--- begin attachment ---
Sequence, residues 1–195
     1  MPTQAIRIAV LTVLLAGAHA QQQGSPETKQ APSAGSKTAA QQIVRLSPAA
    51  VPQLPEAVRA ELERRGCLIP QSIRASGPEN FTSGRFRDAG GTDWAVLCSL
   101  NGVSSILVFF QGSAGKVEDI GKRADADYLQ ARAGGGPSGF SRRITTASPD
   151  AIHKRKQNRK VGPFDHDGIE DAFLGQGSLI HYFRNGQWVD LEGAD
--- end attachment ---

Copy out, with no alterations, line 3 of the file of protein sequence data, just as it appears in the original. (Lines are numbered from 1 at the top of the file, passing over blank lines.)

    51  VPQLPEAVRA ELERRGCLIP QSIRASGPEN FTSGRFRDAG GTDWAVLCSL